Saturday, July 26, 2008

Building Bridges

I spent two days this past weekend in Canton, Ohio, over at the Evangelical Friends Church-Eastern Region (EFC-ER) yearly meeting.

Thanks to Wess, I was graciously allowed to hang out at the Young Friends' meeting on Sunday. Although I was old enough to be their mother, everyone was very hospitable. So much energy! Most of them were twenty-something… and coming and going all over the world in various mission work or deeply involved in work with their local congregations, and also doing the intense life-work of that age—getting married, going to college, seeking a satisfying means of income….. Did you know that, in Egypt, McDonald’s delivers? And that the orphan kids in the Ukraine thought it was just the most amazing treat when one of the young women took them all out to eat at McDonald’s? They had never been there. They were thrilled that an American would take them out for “American” food. (OK, as a McDonald’s employee, I take an interest in hearing about people’s McDonald’s adventures… sorry if I wax tedious!)

My favorite story came from one beautiful, tall, blonde young woman who had done some traveling in Thailand. She had been in a village, and noticed some local kids playing on a water buffalo…. climbing up on it, pulling its tail and ears, sticking their fists in its nose…. And she got this idea that she would like to touch a water buffalo, so she started to walk towards it. She said it took one look at her, and she could see it in its eyes: Oh no! What is this white giant coming towards me! And it reared to its feet and galloped off through the rice paddies. The kids were not happy with her, for scaring off their jungle gym.

Serendipitously (but not surprisingly!), my new friend Faith was at the Young Friends meeting too. Faith is a member of EFC-ER, employee of William Penn House in DC, and co-planner of the recent Young Friends Gathering in Richmond, Indiana. Faith told everyone about the Young Friends Gathering, both the adventures in planning it and the experience of the Gathering itself. Between us, we encouraged the young men and women to explore the Friends world outside of the evangelical branch, in various ways.

The rest of my time at yearly meeting was spent meeting people and getting to know them a bit, and worshipping and listening to committee reports. Chatting over meals. Being invited out to ice cream by a wonderful kind Friend, about 2 minutes after we met. Attending the Women’s Mission Fellowship luncheon and listening to some of the missionaries tell about the challenges/joys that women experienced in the various mission fields they were in. Crashing the Pastor’s Think Tank (with the permission of one of the area superintendents) and talking with pastors about “Reaching Across Racial, Ethnic, and Cultural Differences in Ministry.” Sharing with Jacci, a wonderful lively elf-like woman, about our mutual concerns for our respective branches of Quakerism—both of us longing for the uniting baptizing power of a consistent pro-life/pro-peace testimony.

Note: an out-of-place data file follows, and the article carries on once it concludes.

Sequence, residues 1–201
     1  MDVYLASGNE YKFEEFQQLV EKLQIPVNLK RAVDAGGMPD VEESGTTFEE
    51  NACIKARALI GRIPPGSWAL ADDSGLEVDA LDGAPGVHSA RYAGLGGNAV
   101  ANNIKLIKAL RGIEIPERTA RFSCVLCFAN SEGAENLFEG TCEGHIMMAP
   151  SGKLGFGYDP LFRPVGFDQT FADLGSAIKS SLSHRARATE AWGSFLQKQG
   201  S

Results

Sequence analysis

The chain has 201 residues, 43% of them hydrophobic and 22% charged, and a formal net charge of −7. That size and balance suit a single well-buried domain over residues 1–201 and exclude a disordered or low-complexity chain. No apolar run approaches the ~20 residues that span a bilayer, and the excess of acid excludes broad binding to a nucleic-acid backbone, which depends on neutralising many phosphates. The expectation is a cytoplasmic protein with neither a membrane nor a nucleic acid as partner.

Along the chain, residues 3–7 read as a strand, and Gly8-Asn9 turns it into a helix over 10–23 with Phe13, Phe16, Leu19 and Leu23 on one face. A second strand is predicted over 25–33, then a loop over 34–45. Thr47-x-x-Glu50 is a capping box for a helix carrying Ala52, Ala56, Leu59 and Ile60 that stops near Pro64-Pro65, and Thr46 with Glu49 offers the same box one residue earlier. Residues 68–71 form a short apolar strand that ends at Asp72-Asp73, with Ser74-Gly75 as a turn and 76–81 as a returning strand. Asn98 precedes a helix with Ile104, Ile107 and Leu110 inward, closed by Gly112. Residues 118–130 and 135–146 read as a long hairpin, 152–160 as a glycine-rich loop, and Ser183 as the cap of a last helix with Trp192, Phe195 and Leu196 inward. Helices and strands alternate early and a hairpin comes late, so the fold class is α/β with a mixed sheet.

My friend Susan Lee from the FWCC was there. She very kindly took me under her wing, and introduced me to people. Everyone was very friendly and kind. One of the area superintendents told me, “I’m glad you’re here. We need more visitors.” (hint, hint, folks! This may mean you!) Dr. John, the general superintendent, stepped out of his way at the Pastor’s Think Tank to say Hi and say he was glad to see me. (I stuck out a bit, with my bonnet. It was pretty clear that I had come from Somewhere Else!) By the time I had to leave, I had several new friends hugging me and asking if they’d see me next year and inviting me to visit their local churches. I promised one of the pastors (his church is in Martinsville, Virginia, but he was born in Mexico) that I would practice my Spanish on him next year.

So I appear to have embarked on a ministry of adoption. It looks like I will be going back to EFC-ER’s yearly meeting indefinitely. How could I not go back to see Ce, my new 94-yr-old friend from Rhode Island, who skipped the Women’s Mission luncheon to go to the picnic, because the luncheon was serving iced tea, and “I like Coke.”